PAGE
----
Saturday, July 27, 2013

Granddad’s Banjo

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I don’t remember my granddad ever playing the instrument, but I always remember seeing it in out-of-the-way places at his house. It didn’t have all its strings and hadn’t been used in years, but it was always there. I don’t remember my dad ever mentioning his father playing it, but some of his older sisters remember Granddad strumming it a bit when they were just little. A combination of arthritis and getting his hands banged and bruised in the rig-building business probably caused him to give up on playing earlier than he would have otherwise.

In his younger days, my grandfather, Lyss (short for Ulysses), his sister Gussie (short for Augusta) and their brother, Jess used to play for a lot of dances in the area. Of course, Granddad played his banjo, Gussie played the piano, and Jess played the fiddle. (Photos of the banjo, Lyss, and Gussie are at the foot of the article. I have no photo of Jess.) It was probably at one such dance that Gussie met the young banjo-picker who would eventually be her husband. Sadly, he turned out to be worthless and abandoned her even before she came down with tuberculosis. She succumbed to that dreaded disease in her twenties. I doubt if Granddad met my grandma at a dance. Being a prim and proper daughter of a United Brethren preacher, she probably didn’t believe in such things.

After my grandparents died, my sister inherited the banjo, since she played the piano and cello, but she never used it, except maybe about the time that she also experimented with smoking a pipe. She left it (and the pipe) at our old home place when she got married and moved out. Eventually, I asked if I could have it and she agreed. From what I could see, it was an inexpensive model from about 1900. It spent several years in my attic, until I fished it out a few years ago and spent about $100 getting it repaired, thinking I might try learning to pick, but I never did.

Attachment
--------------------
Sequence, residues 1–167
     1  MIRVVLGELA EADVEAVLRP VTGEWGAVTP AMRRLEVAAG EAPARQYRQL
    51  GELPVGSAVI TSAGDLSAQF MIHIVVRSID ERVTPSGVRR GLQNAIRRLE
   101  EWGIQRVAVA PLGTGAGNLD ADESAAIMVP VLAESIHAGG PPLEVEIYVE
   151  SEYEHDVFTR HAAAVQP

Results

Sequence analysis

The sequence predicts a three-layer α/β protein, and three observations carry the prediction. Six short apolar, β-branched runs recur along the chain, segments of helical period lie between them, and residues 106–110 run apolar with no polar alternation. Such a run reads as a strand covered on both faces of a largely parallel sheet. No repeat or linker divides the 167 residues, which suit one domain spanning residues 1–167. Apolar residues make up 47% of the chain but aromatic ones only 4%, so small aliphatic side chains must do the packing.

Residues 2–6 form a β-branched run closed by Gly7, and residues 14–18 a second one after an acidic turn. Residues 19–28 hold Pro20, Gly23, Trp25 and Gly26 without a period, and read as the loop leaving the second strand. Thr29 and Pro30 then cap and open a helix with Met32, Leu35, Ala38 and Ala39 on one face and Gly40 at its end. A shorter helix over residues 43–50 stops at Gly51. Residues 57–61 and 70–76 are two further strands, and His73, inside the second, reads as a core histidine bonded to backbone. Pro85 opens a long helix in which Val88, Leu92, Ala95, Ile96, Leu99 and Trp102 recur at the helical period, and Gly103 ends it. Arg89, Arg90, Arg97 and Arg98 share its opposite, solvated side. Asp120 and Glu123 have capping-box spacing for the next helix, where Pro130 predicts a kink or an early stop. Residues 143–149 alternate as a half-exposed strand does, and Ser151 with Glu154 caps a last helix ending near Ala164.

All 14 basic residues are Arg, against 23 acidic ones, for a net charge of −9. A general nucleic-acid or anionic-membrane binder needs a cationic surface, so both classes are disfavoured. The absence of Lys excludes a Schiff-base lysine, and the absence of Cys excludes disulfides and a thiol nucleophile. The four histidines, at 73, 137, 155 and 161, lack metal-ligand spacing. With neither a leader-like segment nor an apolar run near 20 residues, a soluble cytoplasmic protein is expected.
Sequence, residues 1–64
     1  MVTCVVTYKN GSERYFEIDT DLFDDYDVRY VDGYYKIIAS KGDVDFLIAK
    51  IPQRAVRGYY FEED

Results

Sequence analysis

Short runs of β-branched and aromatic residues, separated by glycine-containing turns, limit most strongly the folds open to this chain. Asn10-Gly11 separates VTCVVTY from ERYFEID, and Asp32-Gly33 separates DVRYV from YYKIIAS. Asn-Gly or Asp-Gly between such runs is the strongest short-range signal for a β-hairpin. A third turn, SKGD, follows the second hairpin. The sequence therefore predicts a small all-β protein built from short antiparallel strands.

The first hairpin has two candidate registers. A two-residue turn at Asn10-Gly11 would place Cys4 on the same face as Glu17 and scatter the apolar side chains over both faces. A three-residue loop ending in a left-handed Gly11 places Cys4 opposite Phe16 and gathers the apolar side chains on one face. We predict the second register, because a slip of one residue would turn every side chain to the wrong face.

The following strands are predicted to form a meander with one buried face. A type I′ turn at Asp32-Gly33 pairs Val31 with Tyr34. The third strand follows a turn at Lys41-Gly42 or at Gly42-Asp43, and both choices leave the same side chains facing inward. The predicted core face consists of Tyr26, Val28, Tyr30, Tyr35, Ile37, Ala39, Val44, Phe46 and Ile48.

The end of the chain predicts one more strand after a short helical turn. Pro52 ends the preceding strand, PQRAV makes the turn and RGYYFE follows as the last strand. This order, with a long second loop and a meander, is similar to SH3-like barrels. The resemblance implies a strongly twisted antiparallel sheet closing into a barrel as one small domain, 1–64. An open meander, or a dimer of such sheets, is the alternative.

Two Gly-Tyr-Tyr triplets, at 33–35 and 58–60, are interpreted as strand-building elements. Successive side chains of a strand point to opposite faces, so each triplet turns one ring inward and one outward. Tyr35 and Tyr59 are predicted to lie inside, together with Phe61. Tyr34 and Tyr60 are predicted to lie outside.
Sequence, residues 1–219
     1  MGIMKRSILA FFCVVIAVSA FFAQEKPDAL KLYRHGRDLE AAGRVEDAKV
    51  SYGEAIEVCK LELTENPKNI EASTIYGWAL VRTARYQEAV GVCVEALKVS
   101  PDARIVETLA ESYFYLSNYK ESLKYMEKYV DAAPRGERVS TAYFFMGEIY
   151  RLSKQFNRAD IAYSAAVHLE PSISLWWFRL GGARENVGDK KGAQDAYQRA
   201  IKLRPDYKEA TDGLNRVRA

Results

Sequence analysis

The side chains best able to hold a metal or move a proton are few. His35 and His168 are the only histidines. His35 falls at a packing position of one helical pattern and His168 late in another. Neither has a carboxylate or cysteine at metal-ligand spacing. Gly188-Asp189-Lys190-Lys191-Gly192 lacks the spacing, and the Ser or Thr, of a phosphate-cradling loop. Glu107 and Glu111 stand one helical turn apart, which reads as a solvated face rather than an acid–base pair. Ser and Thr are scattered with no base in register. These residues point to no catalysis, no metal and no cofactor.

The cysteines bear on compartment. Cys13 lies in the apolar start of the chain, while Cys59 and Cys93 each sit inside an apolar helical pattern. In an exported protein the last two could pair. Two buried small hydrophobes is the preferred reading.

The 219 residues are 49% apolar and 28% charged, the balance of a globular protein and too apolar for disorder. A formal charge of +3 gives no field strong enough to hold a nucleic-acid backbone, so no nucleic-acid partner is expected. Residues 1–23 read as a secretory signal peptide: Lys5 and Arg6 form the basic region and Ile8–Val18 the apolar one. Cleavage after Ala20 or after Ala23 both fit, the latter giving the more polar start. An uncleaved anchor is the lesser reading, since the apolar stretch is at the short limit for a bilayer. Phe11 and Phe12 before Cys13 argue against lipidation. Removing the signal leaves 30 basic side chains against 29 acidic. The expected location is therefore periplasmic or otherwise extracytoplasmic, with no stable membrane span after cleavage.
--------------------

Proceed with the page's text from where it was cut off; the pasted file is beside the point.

As I sat at my desk today, thinking about what I could sell next to raise a few bucks for gas and groceries, the old banjo came to mind. Somehow, though, selling it to someone who’d just hang it on the wall as an antique seemed a little wrong. I’d rather give it to someone who would use it. I was trying to recall the name of a former co-worker that plays bluegrass banjo, when I remembered that my stepson plays a little bit of guitar. On a hunch, I gave him a call. It turns out he’d love to have it. He didn’t tell me so, but I know that his interest has nothing to do with the banjo’s history, or its age. It has to do with the fact that HIS father used to play the banjo a bit. It’s speculated that his uncle stole his dad’s banjo when his father passed away young, so he doesn’t have that instrument, but the price on this one is right. I’m glad to give it to someone who will actually try to use it. It’s even better that it sort of stays in the family.

It’s been about 80 years since the instrument has made any music. If he gets any good, I’m going to ask for a concert! © 2013